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Why Should We Read?

The lives of most young people today are so overcrowded with duties and pleasures that, they will say, there is simply no time just to sit down peaceably to read. And if occasionally there are just a few unoccupied moments, they are too tired, and “Ho Hum!” I guess I’ll go to bed early tonight for once!’’ is usually the end of that. Life today is too crowded, too busy, too fast for quiet, leisurely enjoyment of books. Even we Christians, who do not (or do we?) busy ourselves with the things of this world as the children of the world do, are caught in that swift current, and we rush maddeningly along, scarcely able to catch a breath. You know how it is.

Then, too, the lightmindedness and frivolity of the world is so very contagious. “Eat, drink, and be merry, for tomorrow we die”, says the world, and soon without realiz­ing it, we are repeating it after them, perhaps in a more pious way, but saying the same thing. Action, fun, a good time! But what is a good time? Did you ever have a good time with books?

We should take time to read. Why? Because by reading we learn and we must never stop learning. When we have gradu­ated from school, and have gone through all the catechism classes and Sunday School classes, then our education has just begun, the foundation has been laid for fur­ther study. That schooling has aided us in understanding the preaching of the Word, has equip­ped us for our tasks in life, has made us able to join in discussions in our societies, but it has also prepared us for personal study through reading.

There must, however, be a dom­inating purpose in our reading and in our choice of reading material, and if that purpose is there, much difficulty in choosing the right books and magazines will be elim­inated, for then a book will be worth reading in so far as it serves that purpose. The chief reason why a Christian even learns to read is that he must use the med­ium of the printed page to learn to know God. God has made Him­self known to us in the Word, in Holy Writ, and in order to know what God has written, we must read. It follows from this that the most important reading material for us is therefore the Bible, and that it is very important that we read God’s Word personally, for by God’s grace, we learn to know Him through His Word. Our church periodicals teach us how to read God’s Word and guide us in the reading of it. So you see that this kind of reading material is vital to a Christian’s growth in the knowledge of God. Ideally then, we first read books and magazines that have a direct bearing on our chief purpose in reading, and then if there is time left, material that has a more indirect bearing.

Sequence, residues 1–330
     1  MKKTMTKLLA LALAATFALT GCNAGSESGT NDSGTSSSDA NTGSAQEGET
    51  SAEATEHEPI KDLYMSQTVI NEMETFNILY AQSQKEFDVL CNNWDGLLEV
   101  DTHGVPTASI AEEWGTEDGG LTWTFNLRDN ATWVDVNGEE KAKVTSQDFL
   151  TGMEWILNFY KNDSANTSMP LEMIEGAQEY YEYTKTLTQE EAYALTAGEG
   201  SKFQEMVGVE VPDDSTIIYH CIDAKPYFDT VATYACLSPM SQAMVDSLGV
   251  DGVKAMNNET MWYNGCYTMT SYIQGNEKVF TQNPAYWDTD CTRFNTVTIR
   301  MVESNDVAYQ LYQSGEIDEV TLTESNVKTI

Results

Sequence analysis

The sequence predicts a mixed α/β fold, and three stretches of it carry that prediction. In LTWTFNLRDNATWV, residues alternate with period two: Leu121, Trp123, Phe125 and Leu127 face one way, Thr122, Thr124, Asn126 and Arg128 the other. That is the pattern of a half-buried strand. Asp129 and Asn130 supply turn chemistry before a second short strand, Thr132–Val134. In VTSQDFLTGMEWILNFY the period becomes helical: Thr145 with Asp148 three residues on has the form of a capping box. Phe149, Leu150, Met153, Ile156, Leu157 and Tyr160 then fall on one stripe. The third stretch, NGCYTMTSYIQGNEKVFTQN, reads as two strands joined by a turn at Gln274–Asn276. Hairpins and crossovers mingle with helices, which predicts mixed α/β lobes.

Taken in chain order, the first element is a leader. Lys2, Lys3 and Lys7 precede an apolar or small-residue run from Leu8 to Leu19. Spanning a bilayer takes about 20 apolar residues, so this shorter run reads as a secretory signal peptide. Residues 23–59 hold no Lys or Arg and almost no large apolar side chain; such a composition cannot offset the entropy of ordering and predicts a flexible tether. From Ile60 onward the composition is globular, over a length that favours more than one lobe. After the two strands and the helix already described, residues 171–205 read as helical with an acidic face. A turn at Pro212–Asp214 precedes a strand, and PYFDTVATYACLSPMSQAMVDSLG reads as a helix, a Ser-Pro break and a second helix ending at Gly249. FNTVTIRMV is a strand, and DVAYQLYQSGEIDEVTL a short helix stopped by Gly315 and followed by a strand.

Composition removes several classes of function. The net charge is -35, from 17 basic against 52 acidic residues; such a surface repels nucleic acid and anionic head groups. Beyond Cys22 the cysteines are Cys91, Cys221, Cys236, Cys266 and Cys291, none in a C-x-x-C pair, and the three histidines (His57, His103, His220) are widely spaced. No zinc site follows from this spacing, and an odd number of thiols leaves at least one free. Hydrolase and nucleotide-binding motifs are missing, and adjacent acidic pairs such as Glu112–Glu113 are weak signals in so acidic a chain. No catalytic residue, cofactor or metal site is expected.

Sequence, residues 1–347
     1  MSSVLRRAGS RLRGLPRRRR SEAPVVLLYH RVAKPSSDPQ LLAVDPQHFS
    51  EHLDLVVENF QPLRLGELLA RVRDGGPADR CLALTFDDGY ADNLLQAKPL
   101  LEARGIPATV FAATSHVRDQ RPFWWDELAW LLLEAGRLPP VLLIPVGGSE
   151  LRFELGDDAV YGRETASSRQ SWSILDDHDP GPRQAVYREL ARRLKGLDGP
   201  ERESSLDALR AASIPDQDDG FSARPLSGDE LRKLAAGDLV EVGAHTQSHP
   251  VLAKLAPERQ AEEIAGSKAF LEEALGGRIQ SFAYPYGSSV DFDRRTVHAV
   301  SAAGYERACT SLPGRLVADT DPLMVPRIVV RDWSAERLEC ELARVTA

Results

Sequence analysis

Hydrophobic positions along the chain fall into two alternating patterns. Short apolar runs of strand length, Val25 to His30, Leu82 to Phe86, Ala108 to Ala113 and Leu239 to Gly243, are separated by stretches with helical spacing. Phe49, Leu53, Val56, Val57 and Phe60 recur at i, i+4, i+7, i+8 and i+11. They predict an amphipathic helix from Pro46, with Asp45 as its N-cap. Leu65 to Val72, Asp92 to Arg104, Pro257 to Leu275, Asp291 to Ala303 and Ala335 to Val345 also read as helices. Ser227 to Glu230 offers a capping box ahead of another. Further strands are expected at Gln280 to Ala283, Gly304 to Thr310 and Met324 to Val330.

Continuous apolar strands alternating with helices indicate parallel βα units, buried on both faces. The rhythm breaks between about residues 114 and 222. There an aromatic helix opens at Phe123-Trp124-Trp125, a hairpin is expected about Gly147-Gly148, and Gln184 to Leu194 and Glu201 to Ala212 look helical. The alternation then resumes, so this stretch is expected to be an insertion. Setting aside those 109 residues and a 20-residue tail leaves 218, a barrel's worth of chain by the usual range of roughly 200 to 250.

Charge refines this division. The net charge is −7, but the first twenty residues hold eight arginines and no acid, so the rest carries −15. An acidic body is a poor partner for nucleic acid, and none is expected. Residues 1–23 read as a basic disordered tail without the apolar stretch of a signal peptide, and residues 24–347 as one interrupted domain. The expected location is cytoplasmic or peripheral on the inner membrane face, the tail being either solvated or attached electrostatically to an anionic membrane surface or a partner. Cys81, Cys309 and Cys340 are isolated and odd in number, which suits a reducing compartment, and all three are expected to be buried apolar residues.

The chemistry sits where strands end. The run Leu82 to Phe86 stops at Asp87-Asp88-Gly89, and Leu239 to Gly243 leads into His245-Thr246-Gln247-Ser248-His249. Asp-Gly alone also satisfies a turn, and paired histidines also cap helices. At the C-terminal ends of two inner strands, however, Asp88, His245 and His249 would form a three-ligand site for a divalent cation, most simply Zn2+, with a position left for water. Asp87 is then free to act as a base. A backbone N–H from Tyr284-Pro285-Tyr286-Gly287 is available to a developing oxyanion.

It is not difficult to find books and magazines of the first type (those that have a direct bearing on our main purpose in reading, for we have books written by lead­ers of the church from the early church down to this present time: and semi-monthly and weekly magazines are published by minis­ters of our own church. But a problem presents itself when we choose reading material which has a more or less indirect bearing on our main purpose.

Indirectly we learn to know more of God by reading history, and we should have that purpose in mind when we do read history. But, you say, practically all history books are written by unbelievers who do not see God behind all the events which have taken place. That is true, and it is not ideal, but we as Christians can read those books and say, “How wonder­ful is the unfolding of God’s plan throughout the ages!” Our eyes have been opened and we really can read the history of the world. God has revealed Himself to us in nature, and the more we know about the earth on which we live, the more we see the Creator. But, you object, almost all books about nature are written by evolution­ists. Sad to say, they are. But we can read those things subjectively, remembering that “the heavens de­clare the glory of God. and the firmament showeth His handi­work.” The same should be true of our reading of current events. Authors of articles and books writ­ten about the present world tumult do not know that God is shaking the earth, but when we read their writings, we say to ourselves, “The Lord is hastening His coming!” When we read autobiographies, character studies, novels, we keep before us the inherent sinfulness of man and the perfection of our God.

We naturally become better crit­ics. too, when we read every word of man in the light of God’s most holy Word. And in order to do that, we must know the Bible, and so we come back to our starting point—it is above all necessary to read the Word of God, to become truly educated in it. And, remem­ber—ignorant Christians are not the best Christians.